Hanami

Hanami (in Japanese flower viewing) is a very popular Japanese tradition where people gather to observe the beauty of flowers. Hanami mainly includes viewing of cherry (“sakura”) and Japanese plum (“ume”) blossoms. According to experts tradition of flower viewing first appeared during the Nara Period (710–794). First it was part of the Japanese elite. In the Edo Period (1603-1868) popular among the common people too.

Depending on the part of Japan sakura blossom appear from mid January until late May. They only last between one and two weeks. That is why the Japan Meteorological Agency each year announces its “blossom forecast” or “sakurazensen.”

Hanami
Hanami

Nowadays people observe cherry blossoms by having a picnic under a cherry tree in one of parks. Observing is done during both day and night. The observing in the night is called “yozakura” or “night sakura.” Parks where people observe cherry blossoms in the night have hanging paper lanterns.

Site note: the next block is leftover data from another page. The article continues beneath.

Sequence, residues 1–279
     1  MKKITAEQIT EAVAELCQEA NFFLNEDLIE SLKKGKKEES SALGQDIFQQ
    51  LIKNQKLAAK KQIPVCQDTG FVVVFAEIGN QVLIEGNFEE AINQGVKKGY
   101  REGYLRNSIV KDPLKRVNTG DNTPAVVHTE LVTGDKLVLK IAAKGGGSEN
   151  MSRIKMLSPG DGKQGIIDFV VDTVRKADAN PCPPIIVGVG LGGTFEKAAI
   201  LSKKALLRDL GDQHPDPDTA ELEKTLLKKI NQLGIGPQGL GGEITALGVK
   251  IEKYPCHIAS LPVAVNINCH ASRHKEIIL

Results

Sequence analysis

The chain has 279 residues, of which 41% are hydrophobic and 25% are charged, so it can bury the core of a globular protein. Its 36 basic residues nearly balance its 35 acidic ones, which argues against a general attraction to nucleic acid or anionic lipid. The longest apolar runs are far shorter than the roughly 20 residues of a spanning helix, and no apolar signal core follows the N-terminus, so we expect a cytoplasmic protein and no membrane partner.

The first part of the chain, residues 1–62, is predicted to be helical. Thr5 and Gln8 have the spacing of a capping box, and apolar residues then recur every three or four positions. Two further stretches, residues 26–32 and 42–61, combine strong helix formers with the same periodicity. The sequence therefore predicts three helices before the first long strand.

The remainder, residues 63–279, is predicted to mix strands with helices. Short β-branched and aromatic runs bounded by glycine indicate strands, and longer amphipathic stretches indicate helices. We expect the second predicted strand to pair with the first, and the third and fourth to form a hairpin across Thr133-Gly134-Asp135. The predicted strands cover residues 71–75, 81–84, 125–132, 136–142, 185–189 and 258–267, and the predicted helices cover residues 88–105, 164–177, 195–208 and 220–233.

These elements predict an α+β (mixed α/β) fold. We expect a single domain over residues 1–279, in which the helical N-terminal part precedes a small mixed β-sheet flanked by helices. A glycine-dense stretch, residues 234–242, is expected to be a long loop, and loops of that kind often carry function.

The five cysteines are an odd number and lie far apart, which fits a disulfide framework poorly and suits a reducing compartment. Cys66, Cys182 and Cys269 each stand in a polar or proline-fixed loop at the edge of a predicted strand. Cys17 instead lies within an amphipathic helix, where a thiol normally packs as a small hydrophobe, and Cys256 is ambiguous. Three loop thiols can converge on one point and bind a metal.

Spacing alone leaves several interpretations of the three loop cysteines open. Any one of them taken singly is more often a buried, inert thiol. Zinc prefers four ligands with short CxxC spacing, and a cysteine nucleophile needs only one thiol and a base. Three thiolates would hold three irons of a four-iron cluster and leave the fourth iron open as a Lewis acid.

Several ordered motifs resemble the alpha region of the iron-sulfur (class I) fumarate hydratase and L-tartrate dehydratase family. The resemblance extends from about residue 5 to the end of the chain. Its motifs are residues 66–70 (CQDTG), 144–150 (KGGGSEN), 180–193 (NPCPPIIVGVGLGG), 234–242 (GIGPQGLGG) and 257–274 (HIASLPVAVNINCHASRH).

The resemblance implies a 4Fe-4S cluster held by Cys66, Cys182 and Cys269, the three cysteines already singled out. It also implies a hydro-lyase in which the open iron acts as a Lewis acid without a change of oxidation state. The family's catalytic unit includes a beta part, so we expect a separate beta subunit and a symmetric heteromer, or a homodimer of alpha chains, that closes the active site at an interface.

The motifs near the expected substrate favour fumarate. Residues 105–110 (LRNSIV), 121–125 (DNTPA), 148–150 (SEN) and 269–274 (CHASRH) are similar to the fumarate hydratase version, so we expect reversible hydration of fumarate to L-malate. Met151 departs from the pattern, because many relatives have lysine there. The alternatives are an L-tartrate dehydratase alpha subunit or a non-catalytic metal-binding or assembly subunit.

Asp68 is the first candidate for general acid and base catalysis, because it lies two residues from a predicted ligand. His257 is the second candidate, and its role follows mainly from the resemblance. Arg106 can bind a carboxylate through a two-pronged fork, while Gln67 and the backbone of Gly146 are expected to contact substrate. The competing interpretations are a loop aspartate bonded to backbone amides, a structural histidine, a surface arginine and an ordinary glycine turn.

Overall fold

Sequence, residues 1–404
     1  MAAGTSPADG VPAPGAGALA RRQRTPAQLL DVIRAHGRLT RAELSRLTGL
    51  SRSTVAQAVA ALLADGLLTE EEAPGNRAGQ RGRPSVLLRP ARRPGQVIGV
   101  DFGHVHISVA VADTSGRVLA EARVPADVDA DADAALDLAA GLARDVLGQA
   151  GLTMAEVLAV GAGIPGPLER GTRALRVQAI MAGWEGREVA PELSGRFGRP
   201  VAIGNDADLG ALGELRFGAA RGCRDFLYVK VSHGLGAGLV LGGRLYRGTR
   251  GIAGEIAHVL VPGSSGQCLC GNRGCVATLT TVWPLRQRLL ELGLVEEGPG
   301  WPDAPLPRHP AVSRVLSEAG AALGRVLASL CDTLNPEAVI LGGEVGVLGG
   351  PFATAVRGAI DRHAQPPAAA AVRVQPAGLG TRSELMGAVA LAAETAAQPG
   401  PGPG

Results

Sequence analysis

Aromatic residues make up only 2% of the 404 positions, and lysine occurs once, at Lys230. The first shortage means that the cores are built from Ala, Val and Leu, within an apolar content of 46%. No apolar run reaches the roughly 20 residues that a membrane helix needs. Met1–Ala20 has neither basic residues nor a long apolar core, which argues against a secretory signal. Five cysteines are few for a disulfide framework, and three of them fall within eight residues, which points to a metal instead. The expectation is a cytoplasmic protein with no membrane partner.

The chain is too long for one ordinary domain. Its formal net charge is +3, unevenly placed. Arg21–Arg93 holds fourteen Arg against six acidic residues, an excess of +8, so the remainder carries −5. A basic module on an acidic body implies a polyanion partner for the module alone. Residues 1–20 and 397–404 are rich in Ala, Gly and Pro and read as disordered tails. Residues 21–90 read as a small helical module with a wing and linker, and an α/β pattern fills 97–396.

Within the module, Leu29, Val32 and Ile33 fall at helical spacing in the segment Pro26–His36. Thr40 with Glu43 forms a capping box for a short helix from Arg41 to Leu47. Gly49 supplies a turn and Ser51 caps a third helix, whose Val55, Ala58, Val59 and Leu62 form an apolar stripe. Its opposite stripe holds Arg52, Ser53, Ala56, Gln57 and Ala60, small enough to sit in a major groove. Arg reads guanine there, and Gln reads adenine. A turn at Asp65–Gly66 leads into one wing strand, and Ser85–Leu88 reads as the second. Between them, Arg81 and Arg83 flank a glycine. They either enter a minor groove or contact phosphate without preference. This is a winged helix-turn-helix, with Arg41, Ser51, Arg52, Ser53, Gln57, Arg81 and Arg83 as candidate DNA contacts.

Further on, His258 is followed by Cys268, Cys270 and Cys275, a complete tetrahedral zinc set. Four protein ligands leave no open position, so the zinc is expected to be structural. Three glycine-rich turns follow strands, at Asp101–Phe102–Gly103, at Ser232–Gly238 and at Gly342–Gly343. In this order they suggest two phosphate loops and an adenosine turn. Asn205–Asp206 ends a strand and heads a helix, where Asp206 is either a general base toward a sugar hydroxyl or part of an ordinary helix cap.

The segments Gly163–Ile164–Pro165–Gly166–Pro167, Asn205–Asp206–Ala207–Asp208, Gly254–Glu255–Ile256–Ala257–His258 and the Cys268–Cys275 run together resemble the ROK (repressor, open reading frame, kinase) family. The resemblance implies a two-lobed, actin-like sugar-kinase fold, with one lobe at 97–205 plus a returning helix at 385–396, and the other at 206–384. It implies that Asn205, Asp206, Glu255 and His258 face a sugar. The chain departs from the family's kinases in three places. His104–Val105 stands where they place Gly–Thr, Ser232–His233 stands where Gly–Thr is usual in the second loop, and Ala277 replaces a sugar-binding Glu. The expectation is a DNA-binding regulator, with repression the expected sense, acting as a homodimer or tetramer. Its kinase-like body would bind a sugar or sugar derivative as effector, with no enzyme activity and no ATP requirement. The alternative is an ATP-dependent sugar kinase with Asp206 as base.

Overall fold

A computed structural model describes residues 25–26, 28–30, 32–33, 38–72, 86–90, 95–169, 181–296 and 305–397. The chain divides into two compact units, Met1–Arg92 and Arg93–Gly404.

People start arriving in the park very early in the morning to get the best spot. It is not unusual that some companies send an employee to keep a place reserved for the company employees who will arrive after work.

Parks in Tokyo known to be the best for Hanami are Shinjuku Gyoen, Ueno, Chidorigafuchi and Sumida. Some of other places famous among true Hanami fans are Philosopher's Path in Kyoto, Kema Sakuranomiya Park in Osaka and Yoshinoyama (Mount Yoshino) in the Nara Prefecture.